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From America To Senegal: How This Black Family Made The Move & Helping Others To Do The Same

By Parker Diakite

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Aliyah Mahdi and her husband RJ Mahdi are the co-founders of Made In Africa, an organization that helps to build local businesses and improve local and international commercial trade between the diaspora.

The Mahdi’s founded the organization in 2014 after repatriating from the United States to Senegal.

Five years later, the project has turned into a resource for those who are interested in investment opportunities or relocating to Africa.

In an interview with Travel Noire, Aliyah discussed how her family made the transition from America to Senegal and opened up about overcoming some challenges along the way.

Instagram | @madeinafricaproject

Travel Noire: Since moving to Senegal, what have you discovered about yourself that you wouldn’t have realized if you stayed in the United States? 

Aliyah Mahdi: Moving to Senegal has helped me to realize a number of things about myself. Not only have I realized how strong I am as a wife, mother, and business owner, I have also found myself adapting to the culture, doing things that I never in life would have imagined.


For example, cooking on a coal grill or handwashing clothes. I realized that I am a resilient, black, Muslim woman who has become completely confident in who I am.

Time moves differently in Senegal: everything is slowed down. People take their time. Having this time on your hands actually gives you an opportunity to really focus in on what you want. It sparks your creativity. I realized my creativity has helped shape the structure of our business: The Made in Africa Project. I have also realized that having the time to tap into my creative side has not only been of help to myself, family, and friends, but to those, we assist with their move to Africa as well.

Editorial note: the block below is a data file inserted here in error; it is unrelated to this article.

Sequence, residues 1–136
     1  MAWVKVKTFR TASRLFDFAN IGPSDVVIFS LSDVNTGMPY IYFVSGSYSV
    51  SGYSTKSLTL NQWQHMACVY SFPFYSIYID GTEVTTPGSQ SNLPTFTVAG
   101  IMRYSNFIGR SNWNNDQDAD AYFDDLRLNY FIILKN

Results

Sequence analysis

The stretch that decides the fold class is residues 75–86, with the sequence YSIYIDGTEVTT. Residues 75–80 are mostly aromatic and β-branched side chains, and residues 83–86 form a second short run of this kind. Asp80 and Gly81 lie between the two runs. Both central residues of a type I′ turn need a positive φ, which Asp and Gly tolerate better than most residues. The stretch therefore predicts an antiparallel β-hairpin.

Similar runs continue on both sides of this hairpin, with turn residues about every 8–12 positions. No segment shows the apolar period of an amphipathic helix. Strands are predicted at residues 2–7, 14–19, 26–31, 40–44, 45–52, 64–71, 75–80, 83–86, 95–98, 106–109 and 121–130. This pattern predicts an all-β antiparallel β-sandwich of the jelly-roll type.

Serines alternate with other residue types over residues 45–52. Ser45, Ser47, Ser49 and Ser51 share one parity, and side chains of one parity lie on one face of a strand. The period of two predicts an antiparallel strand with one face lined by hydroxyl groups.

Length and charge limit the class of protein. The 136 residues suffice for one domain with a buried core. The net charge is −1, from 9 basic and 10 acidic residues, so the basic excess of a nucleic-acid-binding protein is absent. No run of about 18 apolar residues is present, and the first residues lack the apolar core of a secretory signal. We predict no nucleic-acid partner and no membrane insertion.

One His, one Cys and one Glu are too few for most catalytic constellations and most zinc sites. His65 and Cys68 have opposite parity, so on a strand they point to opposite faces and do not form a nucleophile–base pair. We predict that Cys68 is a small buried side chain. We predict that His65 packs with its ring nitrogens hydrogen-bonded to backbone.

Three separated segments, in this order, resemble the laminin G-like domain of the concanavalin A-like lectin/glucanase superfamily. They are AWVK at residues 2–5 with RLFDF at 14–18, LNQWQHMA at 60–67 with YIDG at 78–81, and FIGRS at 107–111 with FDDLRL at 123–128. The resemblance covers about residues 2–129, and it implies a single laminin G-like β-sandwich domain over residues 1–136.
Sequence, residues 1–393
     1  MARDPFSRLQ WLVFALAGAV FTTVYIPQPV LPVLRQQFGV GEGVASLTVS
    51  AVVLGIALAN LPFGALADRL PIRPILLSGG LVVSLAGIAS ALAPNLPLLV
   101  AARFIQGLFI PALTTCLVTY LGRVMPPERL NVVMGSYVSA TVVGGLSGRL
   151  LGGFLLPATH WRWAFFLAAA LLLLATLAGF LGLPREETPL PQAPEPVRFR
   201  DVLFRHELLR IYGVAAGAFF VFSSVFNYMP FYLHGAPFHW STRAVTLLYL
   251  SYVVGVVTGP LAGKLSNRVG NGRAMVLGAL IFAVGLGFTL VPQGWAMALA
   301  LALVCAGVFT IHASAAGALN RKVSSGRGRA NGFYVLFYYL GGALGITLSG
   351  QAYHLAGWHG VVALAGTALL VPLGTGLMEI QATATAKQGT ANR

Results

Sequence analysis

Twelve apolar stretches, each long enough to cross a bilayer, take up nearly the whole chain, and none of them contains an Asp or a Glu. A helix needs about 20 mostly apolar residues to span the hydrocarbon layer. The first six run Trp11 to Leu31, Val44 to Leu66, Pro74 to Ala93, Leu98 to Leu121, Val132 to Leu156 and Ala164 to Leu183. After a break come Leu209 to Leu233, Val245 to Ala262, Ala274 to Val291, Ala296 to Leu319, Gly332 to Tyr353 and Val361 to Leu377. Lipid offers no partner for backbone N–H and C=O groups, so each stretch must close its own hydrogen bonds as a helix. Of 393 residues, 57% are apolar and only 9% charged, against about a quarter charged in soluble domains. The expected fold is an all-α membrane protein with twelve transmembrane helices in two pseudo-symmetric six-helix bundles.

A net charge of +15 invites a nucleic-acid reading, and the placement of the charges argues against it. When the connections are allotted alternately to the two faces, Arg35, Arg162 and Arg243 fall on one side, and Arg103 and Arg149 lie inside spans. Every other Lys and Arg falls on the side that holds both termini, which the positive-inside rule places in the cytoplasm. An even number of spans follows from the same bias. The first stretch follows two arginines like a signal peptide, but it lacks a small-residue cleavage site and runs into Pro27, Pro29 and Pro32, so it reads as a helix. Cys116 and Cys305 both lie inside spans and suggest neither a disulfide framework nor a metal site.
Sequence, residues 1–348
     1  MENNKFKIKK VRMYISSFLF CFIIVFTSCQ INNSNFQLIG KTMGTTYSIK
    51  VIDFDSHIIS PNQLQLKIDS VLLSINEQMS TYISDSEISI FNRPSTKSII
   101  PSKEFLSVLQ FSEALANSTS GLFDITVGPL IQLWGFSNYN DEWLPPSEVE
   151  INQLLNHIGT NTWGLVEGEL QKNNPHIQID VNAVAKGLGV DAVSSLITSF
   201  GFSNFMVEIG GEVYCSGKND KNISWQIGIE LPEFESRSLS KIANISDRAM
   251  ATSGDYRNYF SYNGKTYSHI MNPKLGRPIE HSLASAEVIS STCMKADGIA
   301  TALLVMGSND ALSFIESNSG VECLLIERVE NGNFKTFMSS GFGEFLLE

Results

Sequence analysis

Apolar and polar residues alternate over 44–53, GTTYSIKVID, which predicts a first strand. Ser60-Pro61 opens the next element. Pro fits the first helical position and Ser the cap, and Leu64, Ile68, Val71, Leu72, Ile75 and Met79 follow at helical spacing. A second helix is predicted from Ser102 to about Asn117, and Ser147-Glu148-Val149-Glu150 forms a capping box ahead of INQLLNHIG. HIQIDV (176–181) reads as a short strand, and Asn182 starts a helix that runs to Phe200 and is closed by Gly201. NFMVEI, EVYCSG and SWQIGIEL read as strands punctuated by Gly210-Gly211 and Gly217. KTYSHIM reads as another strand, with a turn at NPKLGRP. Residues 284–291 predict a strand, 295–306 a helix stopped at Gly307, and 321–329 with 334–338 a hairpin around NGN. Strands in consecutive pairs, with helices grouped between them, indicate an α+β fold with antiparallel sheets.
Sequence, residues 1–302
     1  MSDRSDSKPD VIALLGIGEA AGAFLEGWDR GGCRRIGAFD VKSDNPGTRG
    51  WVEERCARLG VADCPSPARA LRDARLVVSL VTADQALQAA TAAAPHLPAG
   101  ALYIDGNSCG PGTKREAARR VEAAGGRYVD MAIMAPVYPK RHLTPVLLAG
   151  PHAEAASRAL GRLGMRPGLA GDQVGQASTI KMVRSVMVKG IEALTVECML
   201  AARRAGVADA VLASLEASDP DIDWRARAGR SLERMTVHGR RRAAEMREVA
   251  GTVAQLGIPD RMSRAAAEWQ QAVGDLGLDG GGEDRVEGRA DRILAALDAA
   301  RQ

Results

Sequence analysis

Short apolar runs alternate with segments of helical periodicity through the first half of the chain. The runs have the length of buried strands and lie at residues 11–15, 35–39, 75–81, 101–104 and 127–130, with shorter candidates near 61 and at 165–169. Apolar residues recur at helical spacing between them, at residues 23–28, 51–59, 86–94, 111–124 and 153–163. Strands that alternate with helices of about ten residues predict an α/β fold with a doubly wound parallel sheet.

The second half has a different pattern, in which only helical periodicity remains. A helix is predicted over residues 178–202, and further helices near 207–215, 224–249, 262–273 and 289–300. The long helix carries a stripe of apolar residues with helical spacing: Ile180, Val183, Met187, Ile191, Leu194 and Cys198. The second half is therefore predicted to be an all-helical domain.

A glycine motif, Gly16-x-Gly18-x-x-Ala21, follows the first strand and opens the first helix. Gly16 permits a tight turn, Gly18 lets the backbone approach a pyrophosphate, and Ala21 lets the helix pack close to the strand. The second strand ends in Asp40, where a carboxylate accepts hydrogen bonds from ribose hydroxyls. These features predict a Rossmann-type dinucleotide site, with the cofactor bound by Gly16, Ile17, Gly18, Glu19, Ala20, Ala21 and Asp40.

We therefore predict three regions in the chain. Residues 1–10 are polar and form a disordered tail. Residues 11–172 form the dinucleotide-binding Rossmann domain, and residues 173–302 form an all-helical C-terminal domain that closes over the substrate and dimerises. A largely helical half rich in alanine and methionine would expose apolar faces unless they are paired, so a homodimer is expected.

I realized through my story and life lessons, I can help others make their transition to Africa as easy as possible. 

TN: Was the transition easy for you and your family?

Aliyah Mahdi: I won’t say it was easy. It was a challenge, but a challenge that was well worth it. 

We prepared about one year prior to our departure. We learned how to live as a minimalist, and we had a strict budget until we reached our goal. Adjusting to the new lifestyle was definitely a challenge initially, but it did get easier. 

Thankfully, we came into a community that was an amazing support system. People who were open and willing to not only help us get on our feet but were very supportive in all of the projects we started for ourselves. They helped me with my son, taught me how to cook local dishes, helped us learn the local language, and instilled in me sacred wisdom that has helped me progress through some of the challenges we faced while living abroad. 

Aliyah & RJ Mahdi, Co-Founders Made In Africa Project Facebook | Made In Africa Project

TN: If anyone is thinking about relocating to Senegal, what are some things you think they should consider that you wish you had known?

Aliyah Mahdi: Just do your research on where you want to live within the country. There are some rural areas that may not have the accommodations you are looking for, especially coming from the States. For example, there were certain products/services that I missed while living in Medina, that were readily available in Dakar.